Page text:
Kawabata's views of language and the postwar construction of a literary genealogy

Tomi Suzuki*

*Corresponding author for this work

Research output: Contribution to journalArticlepeer-review


This paper shows the ways in which, in the immediate post-war period (1945–1951), Kawabata Yasunari (1899–1972) reflected on his earlier, pre-war literary career and re-envisioned his postwar literary trajectory by constructing a new genealogy of the modern novel in Japan, in relationship to the intricate issues of the literary styles of the modern novel, ‘national language’ (kokugo), and the literary tradition. By examining his Shin bunshō tokuhon (New Guide to Literary Language, 1950), which presents Kawabata's past and present views of literary language, I will argue that Kawabata's changing views of language and literary style must be understood in the context of contemporary debates over national language policy and language reform movements. I will show the manner by which Kawabata formulated his views of language in dialogue with his two rival writers: Yokomitsu Riichi (1898–1947) in the prewar period and Tanizaki Junichirō (1886–1965) in the postwar period. As we shall see, the death of his close literary colleague Yokomitsu in 1947 and Tanizaki's unflagging literary exploration during and following the war prompted Kawabata to position himself in a genealogy of modern Japanese literary writers as well as in relationship to the linguistic and literary tradition of Japan.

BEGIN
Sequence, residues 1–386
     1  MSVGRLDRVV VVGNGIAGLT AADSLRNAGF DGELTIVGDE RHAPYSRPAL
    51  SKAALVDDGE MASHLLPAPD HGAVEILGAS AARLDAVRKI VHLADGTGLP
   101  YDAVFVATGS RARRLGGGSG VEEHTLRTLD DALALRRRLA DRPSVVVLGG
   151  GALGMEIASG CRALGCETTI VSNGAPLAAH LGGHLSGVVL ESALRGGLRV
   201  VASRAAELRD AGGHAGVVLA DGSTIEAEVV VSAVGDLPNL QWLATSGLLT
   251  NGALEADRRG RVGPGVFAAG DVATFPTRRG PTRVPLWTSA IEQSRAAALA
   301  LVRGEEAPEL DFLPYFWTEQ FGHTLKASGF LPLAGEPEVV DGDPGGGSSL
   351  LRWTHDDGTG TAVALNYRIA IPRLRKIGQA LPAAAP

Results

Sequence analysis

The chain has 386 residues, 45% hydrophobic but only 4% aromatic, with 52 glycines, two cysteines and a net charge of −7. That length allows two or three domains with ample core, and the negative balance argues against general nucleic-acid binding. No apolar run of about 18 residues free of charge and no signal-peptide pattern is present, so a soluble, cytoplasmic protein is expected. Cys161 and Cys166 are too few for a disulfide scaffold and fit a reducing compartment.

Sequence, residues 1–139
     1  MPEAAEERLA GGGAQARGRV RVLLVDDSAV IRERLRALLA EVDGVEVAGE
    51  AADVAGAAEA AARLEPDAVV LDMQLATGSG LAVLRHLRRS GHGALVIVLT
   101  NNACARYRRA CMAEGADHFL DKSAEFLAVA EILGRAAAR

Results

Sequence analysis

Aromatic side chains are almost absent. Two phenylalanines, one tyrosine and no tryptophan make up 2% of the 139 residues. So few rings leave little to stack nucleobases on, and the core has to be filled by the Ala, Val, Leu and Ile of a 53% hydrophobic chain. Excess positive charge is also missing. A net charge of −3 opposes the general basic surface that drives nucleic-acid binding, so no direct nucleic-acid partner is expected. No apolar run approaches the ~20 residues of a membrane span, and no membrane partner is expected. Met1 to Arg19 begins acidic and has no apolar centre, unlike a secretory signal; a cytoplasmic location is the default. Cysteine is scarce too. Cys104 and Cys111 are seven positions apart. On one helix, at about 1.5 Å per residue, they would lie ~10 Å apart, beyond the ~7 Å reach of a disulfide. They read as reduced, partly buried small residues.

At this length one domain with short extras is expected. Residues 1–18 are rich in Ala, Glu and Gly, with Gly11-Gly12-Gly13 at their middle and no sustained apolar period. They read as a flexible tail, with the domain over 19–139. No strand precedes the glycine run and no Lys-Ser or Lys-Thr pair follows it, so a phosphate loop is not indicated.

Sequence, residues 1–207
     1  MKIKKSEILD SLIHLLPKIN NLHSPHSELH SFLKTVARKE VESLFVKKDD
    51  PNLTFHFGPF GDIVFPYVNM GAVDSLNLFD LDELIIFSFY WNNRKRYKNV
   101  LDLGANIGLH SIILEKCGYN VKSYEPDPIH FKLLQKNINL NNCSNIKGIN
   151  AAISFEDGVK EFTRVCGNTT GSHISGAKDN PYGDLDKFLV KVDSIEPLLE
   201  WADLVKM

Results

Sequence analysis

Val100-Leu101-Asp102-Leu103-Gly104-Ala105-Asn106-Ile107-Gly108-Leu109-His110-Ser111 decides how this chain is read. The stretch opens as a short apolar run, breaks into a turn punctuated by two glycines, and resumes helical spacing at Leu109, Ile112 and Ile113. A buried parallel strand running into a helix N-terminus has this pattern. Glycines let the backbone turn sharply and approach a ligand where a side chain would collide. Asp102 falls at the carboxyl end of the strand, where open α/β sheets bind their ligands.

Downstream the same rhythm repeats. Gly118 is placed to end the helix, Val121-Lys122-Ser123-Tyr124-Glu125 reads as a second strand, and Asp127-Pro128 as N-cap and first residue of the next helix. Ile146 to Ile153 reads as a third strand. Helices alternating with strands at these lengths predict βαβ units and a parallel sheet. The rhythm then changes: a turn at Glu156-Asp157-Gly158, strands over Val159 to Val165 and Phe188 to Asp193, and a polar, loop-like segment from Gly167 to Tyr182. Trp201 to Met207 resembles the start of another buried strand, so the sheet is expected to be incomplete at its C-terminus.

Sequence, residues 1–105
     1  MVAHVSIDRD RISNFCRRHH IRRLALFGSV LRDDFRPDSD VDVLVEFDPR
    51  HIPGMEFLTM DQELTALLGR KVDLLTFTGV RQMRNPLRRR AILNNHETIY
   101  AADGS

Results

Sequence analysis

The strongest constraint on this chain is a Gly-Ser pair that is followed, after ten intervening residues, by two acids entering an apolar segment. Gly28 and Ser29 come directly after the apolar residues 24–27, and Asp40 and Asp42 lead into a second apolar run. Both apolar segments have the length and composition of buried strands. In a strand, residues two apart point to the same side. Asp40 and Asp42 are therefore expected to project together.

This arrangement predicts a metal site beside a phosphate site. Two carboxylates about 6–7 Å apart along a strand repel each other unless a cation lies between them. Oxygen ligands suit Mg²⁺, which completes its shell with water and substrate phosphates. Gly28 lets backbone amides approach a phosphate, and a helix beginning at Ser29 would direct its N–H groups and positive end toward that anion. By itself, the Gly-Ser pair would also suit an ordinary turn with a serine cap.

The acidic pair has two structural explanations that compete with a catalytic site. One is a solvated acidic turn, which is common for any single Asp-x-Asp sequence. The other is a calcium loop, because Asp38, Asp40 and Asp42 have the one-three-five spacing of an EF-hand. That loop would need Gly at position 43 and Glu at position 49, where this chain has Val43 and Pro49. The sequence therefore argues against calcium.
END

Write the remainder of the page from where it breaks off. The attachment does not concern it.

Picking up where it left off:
Original languageEnglish
Pages (from-to)85-104
Number of pages20
JournalJapan Forum
Issue number1
Publication statusPublished - 2018 Jan 2
Externally publishedYes


  • Kawabata Yasunari
  • literary style of the modern novel
  • reform of national language
  • Tanizaki Jun'ichirō
  • The Tale of Genji
  • Yokomitsu Riichi

ASJC Scopus subject areas

  • Cultural Studies
  • History
  • Sociology and Political Science


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